As a result, more and more people are likely to head to regional sites, especially national parks, which are expecting near-record numbers of visitors. "Places within a one- to four-hour driving range of a major metro area will be major magnets," says Derrick Crandall, president of the American Recreation Coalition, a trade group.
Mr. Crandall cites Wasatch Cache National Forest outside Salt Lake City and Lake Lanier outside Atlanta, as examples of destinations that already have been inundated with reservations. Other parks that ordinarily require a plane trip, such as Glacier National Park in Montana, could see attendance drop, he says.
Dozens of unfilled seats to destinations overseas, especially Europe, have prompted airlines to offer reduced fares. Flights to Europe before June 18 have been marked down by as much as $300, says Tom Parsons, CEO of Bestfares.com, a ticket wholesaler. Tickets to Europe for July and August, he adds, are cheaper now than if they had been bought in January and February.
"This could be some of the cheapest fares to Europe seen in a long, long time," says Mr. Parsons. The cheapest cities to visit are Paris, where travel from the US is down 25 percent, as well as Dublin, Ireland and Amsterdam, he adds.
Americans choosing to travel overseas this year are going to locations away from such major global hot spots as the Middle East, China, and even parts of Canada, where the SARS virus has recently been described as a threat but has now been taken off the US Centers for Disease Control's advisory list.
The most popular destinations abroad: Australia, New Zealand, and Latin America. "Because of the war, these places are considered less risky," says Marlene Oliver, spokeswoman for Far & Wide Travel, a Miami tour operator.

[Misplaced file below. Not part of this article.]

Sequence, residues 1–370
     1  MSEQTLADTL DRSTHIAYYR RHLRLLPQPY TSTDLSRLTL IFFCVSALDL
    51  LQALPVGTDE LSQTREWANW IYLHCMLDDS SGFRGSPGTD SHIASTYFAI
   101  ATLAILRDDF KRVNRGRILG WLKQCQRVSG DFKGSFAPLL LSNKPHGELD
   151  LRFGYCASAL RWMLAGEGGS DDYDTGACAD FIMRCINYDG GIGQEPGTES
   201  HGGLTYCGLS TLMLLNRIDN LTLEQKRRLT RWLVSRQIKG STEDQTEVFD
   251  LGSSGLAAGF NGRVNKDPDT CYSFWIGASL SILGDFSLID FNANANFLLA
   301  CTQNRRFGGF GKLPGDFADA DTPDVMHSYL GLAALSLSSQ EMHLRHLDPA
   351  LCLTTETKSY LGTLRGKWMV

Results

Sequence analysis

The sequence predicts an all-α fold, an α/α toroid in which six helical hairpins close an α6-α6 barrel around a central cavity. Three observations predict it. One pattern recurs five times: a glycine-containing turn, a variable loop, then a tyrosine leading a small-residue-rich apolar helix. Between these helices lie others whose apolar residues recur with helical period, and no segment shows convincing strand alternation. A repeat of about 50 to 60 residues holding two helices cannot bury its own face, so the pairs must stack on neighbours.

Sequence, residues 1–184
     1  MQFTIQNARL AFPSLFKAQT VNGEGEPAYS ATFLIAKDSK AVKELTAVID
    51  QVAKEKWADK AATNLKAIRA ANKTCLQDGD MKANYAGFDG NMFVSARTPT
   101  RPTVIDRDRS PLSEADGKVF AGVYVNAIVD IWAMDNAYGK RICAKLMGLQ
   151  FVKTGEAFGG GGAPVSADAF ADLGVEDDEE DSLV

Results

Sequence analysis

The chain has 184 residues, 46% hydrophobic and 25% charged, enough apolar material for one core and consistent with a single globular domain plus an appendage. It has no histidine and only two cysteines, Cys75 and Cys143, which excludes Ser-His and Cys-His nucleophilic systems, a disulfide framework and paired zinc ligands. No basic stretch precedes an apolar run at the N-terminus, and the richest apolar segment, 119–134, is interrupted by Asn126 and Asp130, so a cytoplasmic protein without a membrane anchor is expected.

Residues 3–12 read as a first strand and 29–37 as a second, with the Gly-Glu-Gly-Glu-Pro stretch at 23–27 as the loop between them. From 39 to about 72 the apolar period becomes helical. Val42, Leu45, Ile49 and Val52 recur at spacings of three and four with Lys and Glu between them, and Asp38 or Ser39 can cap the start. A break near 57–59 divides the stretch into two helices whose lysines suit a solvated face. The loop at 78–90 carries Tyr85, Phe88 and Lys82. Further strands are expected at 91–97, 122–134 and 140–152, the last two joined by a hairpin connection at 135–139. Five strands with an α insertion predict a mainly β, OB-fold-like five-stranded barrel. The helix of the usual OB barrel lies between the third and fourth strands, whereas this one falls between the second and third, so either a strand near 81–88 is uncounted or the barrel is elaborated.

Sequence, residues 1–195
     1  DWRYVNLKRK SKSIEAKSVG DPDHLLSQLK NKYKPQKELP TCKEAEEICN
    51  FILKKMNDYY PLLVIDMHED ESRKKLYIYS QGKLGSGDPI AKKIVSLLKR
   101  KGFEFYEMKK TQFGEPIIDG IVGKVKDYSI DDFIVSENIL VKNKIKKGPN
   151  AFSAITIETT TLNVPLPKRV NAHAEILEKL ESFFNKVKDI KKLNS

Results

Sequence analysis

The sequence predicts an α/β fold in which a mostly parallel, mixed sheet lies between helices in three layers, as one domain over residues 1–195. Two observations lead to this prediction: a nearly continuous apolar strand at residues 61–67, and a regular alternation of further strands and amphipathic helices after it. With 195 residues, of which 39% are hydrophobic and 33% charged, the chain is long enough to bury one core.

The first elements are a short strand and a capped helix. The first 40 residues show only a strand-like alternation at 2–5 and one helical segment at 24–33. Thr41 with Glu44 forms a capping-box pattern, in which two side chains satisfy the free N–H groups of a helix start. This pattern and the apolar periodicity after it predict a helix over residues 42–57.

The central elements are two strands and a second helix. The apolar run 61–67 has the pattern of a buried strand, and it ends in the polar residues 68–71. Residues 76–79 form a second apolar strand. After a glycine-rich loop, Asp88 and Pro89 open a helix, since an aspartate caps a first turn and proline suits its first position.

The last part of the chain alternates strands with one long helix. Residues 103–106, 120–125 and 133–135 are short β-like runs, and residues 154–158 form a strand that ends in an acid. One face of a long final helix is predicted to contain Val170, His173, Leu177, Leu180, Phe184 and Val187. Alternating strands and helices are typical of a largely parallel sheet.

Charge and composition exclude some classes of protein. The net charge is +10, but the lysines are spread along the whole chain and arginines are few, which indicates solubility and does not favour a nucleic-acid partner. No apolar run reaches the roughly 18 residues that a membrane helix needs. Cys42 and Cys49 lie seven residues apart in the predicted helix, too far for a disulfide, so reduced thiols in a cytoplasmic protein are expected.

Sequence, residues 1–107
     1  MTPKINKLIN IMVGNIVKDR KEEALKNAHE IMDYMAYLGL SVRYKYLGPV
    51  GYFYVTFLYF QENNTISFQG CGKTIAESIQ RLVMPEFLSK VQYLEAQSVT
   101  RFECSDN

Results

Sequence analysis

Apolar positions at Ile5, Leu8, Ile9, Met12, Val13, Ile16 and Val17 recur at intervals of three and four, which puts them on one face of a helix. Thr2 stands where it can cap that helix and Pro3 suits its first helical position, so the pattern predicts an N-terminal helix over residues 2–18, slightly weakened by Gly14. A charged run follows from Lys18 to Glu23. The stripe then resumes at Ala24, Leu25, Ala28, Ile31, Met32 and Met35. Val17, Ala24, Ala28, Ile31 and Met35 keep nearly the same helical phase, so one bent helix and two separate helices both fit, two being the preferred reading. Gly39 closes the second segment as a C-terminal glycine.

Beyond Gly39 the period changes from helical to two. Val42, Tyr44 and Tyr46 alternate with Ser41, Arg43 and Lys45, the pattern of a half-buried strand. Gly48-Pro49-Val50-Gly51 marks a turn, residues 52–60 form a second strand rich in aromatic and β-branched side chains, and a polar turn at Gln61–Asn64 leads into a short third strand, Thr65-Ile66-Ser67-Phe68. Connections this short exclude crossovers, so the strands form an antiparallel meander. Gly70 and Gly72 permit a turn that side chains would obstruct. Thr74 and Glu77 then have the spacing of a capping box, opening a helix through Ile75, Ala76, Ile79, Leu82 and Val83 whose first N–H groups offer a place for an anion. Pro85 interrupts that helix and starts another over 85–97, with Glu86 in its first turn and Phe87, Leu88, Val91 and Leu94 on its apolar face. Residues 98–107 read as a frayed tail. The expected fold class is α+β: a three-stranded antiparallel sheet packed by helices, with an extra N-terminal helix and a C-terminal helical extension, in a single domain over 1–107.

Even while at sea, Americans are staying closer to home. The Caribbean and Alaska, perennial favorites, will draw the most cruise-ship passengers this summer, while regions such as eastern Canada, which traditionally have been only niche players, will see occupancy rates surge, say experts.
What do these areas have in common? Safety.
"Eastern Canada seems like one of those places that everyone feels safe to go to," says Janice Furlong, director of marketing for the Cruiseship Association of Newfoundland and Labrador, which reports that the number of cruise-ship passengers to eastern Canada is up 100 percent this summer from three years ago.
Interest in cruises around the US also has been bolstered by cruise lines adding ports in secondary cities, such as Charleston, S.C., New Orleans, and Tampa, Fla.
Cruise ships reachable only by an overseas flight are struggling to fill their cabins. Reservations on ships sailing around Europe and the Mediterranean are down, say experts.
But the cruise industry is taking into account prospective passengers' concerns about safety. Cruise lines in the Mediterranean, for example, have changed their routes to visit ports in countries like Spain and Italy rather than hot spots like Israel or Turkey.
"Cruise ships have an advantage over resorts in that they can steer away from problems," says Cheryl Fenske, a spokeswoman for the Cruise Lines International Association.
Thanks to discounted fares, most ships will be more than 90 percent booked this vacation season. Many cruise lines don't substantially cut prices until about one month in advance of departure to accommodate the fact that many consumers are waiting to plan their vacations. To get people to sign up, some cruise lines are even forgoing cancellation fees.
Experts say consumers can easily find a one-week cruise for no more than $500. "From a consumer standpoint, there are plenty of attractive values," says Henry Harteveldt, a travel-industry analyst for Forrester Research in Cambridge, Mass.